Objectives: We sought to determine the effect of cardiopulmonary bypass and surgical intervention on the natriuretic hormone system in children and to assess whether such changes are associated with morbidity. Methods: At 6 perioperative time points in 25 patients, plasma levels of atrial natriuretic peptide, brain natriuretic peptide, and guanosine 3′, 5′- monophosphate were measured, and the biologic activity of the natriuretic hormone system was quantified. Relationships were sought between changes in brain natriuretic peptide levels, biologic activity, and a number of morbidity indicators. Results: There was a significant change in atrial natriuretic peptide levels (P = .037), brain natriuretic peptide levels (P = .001), and biologic activity of the natriuretic hormone system (P = .009) over the first 4 time points in the study. Atrial natriuretic peptide levels transiently decreased from baseline to 12 hours after surgical intervention. Compared with baseline values, brain natriuretic peptide levels were increased at 12 hours after surgical intervention and on postoperative day 1. The increase in brain natriuretic peptide levels from baseline to 12 hours after surgical intervention was associated with cardiopulmonary bypass time (rs = 0.4, P = .047). The biologic activity transiently decreased from baseline to intensive care unit admission but was not associated with any morbidity indicators. Conclusions: Increased postoperative brain natriuretic peptide levels are associated with longer bypass times. The biologic activity of the natriuretic hormone system is transiently impaired. Larger studies should investigate brain natriuretic peptide as a predictor of postoperative morbidity and the potential for natriuretic hormone infusions to improve postoperative hemodynamics and urine output.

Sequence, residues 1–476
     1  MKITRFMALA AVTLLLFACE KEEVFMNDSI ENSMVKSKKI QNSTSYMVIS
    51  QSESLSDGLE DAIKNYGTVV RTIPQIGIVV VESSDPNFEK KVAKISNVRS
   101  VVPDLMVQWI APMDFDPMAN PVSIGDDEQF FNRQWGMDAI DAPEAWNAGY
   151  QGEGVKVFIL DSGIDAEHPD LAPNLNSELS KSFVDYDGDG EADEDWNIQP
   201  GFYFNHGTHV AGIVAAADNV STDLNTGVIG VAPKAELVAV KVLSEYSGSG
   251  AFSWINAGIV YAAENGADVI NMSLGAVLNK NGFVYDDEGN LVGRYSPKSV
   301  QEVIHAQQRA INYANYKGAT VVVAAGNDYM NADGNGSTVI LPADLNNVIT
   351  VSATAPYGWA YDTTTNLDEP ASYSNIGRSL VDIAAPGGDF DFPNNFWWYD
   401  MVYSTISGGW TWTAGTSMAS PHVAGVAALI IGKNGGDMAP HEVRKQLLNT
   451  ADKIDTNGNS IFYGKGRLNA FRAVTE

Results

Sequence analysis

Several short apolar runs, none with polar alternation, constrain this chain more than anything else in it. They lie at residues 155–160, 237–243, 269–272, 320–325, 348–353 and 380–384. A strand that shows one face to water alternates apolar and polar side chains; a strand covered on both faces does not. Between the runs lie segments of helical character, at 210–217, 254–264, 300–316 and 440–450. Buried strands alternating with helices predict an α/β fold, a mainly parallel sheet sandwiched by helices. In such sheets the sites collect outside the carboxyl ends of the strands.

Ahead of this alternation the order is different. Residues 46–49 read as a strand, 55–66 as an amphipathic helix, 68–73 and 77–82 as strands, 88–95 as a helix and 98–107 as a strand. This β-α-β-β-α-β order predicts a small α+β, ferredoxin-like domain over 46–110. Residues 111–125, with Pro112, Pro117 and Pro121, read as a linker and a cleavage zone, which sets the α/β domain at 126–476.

ASJC Scopus subject areas
- Pulmonary and Respiratory Medicine
- Cardiology and Cardiovascular Medicine